Sunday Sermonizing: Famine Hymns and Submission to the Global Church
Today my (mostly) white, suburban, evangelical church had a great moment. For the first time in its short 11-year history, a non-white, non-American person spoke from the pulpit. It was a beautiful time of learning from another culture.
The Church in America has much to learn from the multi-faceted beauty of the global church.
Passion for God from Rwanda.
Kingdom-centered hospitality from Mongolia.
Deep commitment to prayer from Haiti.
Or listen to the hymn written by Ghanaian poet Afua Kuma.
The famine has become severe.
Let us go and tell Jesus!
He is the one who
When he raises his hands
Gives even our enemies their share
And our brothers bring head pans
To carry the food away.
This is not the sort of worship song we sing in America. Words like this would not be sung by congregations who know little of hunger. Famine changes how we see God. It changes how we see our community. It even changes the way we see our enemies. It's a beautiful hymn. Americans may not be able to relate. But we sure can learn something.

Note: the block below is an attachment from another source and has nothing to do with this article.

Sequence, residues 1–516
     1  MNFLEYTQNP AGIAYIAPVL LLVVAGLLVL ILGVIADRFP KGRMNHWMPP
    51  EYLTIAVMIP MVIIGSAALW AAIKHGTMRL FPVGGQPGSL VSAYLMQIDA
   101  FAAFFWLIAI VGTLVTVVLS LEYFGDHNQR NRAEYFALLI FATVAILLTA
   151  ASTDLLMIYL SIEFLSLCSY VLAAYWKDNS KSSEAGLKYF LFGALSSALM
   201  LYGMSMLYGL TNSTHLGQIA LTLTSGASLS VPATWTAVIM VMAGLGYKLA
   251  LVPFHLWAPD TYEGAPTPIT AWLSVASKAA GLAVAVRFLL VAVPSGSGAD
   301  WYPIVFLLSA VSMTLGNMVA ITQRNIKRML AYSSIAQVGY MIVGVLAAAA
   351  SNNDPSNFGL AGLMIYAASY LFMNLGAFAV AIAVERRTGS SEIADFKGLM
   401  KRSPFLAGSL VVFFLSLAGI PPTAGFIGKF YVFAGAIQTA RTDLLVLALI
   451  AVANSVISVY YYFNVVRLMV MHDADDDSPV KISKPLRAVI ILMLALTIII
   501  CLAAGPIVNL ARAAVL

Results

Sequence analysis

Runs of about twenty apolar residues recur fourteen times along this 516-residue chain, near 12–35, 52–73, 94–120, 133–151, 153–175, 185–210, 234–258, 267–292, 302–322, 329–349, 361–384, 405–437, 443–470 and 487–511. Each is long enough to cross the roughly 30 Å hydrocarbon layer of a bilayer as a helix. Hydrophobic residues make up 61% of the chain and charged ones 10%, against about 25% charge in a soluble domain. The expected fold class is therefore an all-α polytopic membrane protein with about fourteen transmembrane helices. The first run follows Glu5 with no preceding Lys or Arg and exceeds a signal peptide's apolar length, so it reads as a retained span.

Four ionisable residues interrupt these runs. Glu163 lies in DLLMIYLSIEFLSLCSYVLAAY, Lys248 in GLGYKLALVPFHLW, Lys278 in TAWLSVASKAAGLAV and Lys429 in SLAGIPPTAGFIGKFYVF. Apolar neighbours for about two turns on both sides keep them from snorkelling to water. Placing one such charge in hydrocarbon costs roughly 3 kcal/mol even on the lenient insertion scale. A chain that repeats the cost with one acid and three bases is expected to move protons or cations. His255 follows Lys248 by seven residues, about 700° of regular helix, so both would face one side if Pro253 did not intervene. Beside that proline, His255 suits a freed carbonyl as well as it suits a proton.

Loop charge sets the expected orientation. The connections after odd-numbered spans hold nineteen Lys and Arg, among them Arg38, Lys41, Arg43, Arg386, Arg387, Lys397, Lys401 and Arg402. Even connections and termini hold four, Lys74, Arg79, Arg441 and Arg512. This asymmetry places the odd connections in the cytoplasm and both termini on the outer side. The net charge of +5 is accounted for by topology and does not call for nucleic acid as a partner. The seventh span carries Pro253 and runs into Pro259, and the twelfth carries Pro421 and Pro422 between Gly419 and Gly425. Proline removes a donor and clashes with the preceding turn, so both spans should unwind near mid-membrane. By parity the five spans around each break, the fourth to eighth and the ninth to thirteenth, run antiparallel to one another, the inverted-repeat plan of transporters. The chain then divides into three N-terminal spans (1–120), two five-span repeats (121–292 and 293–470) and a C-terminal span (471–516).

The Church has much to learn in diversity.
In America, we have to be intentional about stepping into diversity. Intentional in submitting to diversity.
This is sometimes difficult for white people to do.
But submit, we must. Even though we're generally terrible at it.
"Every tribe" is the opposite of American church superiority. The Gospel is the great equalizer.
And equality is real in the Kingdom of God.